The scheme can be complicated for receivers. It’s one reason why Hankerson was inactive early last season. Robinson, in his second year, should have a grasp of it by now. We’ll see if he does.
It’s always entertaining to watch LT Trent Williams and ROLB Brian Orakpo face each other at full speed in full pads. The 2010 and 2009 first-round picks went against each other all day Thursday – I never saw Orakpo rush from the left side.
Williams’ quick feet helped him to keep his shoulders square and block Orakpo on one pass play, but Orakpo answered with a low speed rush on another. Orakpo turned the corner so fast that Williams had to hold him around the shoulders.
I’m very interested to see how much the Redskins move Orakpo around in rush situations and, of course, whether Orakpo has diversified his arsenal of pass rush moves beyond the bull rush and speed rush. I didn’t see anything new on Thursday, but it’s early and I didn’t see every play.
FB Darrel Young is a bit of a forgotten force in this offense. At least I forget about him in light of the additions at quarterback and receiver. He is very fast out of the backfield, though, a trait he demonstrated by outracing ILB Perry Riley around the corner after catching a pass in the flat.
Young’s speed should be a vital element of the keeper game that Mike Shanahan, Kyle Shanahan and QB Robert Griffin III figure to heavily rely on all season. Young, now in his third season at fullback after switching from linebacker, has steadily improved with experience. He recognizes his responsibilities better and the game is slowing down for him. He’s a weapon.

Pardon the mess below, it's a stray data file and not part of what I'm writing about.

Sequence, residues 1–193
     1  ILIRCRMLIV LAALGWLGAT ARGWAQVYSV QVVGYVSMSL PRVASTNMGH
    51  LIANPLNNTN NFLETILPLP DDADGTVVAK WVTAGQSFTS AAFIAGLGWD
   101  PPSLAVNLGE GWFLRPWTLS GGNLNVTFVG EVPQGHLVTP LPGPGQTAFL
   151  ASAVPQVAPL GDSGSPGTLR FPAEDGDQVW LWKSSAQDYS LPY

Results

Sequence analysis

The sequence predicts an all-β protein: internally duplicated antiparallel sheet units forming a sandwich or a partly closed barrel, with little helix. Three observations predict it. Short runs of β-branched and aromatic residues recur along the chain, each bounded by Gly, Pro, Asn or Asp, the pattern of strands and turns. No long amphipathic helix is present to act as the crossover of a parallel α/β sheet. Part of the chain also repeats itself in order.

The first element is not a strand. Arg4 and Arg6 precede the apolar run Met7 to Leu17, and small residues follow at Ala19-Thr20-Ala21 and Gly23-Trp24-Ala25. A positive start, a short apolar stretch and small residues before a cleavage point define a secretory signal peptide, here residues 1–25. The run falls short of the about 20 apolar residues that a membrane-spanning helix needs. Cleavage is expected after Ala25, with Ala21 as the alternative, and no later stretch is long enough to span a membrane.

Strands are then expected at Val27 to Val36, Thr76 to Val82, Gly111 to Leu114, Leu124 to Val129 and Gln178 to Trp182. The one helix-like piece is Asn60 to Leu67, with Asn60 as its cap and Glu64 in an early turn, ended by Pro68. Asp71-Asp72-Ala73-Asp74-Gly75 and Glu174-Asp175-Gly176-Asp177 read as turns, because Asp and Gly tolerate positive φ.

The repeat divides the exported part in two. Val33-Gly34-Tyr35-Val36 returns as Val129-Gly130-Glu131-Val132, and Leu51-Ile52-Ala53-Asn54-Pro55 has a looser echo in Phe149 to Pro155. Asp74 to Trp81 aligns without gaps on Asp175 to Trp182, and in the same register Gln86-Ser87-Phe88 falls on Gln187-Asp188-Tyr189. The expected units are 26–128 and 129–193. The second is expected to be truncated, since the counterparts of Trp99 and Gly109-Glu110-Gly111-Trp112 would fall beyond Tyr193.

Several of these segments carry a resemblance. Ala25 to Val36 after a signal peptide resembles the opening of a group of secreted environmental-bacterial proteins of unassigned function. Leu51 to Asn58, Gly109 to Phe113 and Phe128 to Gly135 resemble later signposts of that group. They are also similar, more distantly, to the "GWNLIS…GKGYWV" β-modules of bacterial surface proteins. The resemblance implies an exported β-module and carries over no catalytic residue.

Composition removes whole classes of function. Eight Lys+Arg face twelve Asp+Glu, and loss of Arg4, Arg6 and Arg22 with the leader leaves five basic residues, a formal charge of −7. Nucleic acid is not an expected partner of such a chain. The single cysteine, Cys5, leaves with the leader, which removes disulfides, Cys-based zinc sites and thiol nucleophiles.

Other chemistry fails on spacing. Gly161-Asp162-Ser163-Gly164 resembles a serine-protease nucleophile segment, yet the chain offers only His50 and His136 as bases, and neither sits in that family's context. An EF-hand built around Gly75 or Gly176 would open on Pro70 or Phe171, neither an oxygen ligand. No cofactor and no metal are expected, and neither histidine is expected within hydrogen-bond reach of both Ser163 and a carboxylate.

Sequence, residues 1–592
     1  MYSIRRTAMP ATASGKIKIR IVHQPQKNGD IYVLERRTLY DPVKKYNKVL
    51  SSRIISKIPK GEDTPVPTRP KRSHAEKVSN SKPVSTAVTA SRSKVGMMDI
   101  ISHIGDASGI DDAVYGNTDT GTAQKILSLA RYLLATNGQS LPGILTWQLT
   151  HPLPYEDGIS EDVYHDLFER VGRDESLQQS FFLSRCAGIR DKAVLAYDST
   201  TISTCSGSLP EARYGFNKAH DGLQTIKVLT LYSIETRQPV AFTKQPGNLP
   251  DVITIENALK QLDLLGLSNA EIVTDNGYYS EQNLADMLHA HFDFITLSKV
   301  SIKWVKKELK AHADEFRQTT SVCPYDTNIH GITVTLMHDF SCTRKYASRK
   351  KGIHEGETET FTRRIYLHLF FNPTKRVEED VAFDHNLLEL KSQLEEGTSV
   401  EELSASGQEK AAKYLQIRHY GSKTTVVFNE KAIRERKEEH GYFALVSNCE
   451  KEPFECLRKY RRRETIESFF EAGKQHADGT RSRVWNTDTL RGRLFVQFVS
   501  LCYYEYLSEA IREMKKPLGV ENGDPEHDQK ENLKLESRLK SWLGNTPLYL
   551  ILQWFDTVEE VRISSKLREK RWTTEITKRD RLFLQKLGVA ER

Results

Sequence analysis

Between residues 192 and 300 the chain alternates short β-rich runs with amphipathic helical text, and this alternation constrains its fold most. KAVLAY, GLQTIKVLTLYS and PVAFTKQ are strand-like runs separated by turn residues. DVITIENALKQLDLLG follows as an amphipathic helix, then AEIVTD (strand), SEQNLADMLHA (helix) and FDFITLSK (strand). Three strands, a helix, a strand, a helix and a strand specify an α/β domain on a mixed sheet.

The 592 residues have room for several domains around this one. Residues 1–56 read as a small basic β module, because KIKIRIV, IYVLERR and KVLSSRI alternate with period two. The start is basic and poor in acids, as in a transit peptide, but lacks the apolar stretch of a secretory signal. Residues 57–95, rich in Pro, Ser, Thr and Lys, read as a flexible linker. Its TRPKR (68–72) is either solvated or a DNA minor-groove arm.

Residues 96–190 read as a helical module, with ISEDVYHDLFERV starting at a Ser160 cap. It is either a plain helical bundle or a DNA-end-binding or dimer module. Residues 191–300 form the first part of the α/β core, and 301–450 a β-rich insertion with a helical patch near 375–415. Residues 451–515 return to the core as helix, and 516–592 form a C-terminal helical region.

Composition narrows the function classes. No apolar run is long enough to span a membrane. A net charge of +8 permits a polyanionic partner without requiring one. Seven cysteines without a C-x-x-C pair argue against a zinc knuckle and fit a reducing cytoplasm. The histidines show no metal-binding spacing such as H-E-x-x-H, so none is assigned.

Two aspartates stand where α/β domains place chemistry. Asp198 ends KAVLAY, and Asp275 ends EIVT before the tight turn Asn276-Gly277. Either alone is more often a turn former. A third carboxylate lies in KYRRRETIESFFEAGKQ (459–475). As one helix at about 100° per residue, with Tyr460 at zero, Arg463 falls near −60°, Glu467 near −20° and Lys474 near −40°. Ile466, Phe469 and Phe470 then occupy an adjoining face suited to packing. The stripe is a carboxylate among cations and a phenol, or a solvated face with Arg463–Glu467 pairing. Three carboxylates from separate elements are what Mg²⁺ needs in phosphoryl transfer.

TE Chris Cooley before practice claimed he’s back to running full speed. Then, on a running play during team drills, he released 10 yards into the secondary to block FS Madieu Williams. Cooley’s ability to get to the second and third level in the run game will be a telling measure of his fitness, and this particular play was an auspicious sign.
CB Josh Wilson received praise from defensive backs coach Raheem Morris for jamming WR Pierre Garcon at the line of scrimmage on one play. Garcon didn’t release until more than a second after the snap. Wilson seems to thrive in situations when he can be physical, and he doesn’t need to play with vision as much as, say, CB DeAngelo Hall.
WR Santana Moss separated from SS Brandon Meriweather on a short crossing route. Moss appeared spry during spring practices, but, at age 33, we’ll have to see how his body holds up over the course of the season. He’s off to a good start now, but can the Redskins rely on him for five months? Just something to keep in mind as Moss continues to impress.
The temperature at the start of practice was 97 degrees with a 109 heat index. The Redskins are practicing in full pads in the afternoon this summer, a change from past years when they began practice at around 8:30 a.m.
The idea behind the change is that players can learn things in morning meetings and the walkthrough before going through it at full speed in practice. The hope is that they learn better that way.
“To be honest, I’m not a huge fan of morning practice,” TE Chris Cooley said. “I don’t like waking up at 6 o’clock and starting my physical activity. We’ll see how it goes. I think we can deal with two hours of heat. It’d be nice if it’s not 100 every day, but maybe it will make us tougher, huh? Joe Gibbs weather.”
…That’s it for Day 1. Let’s do it again Friday, shall we?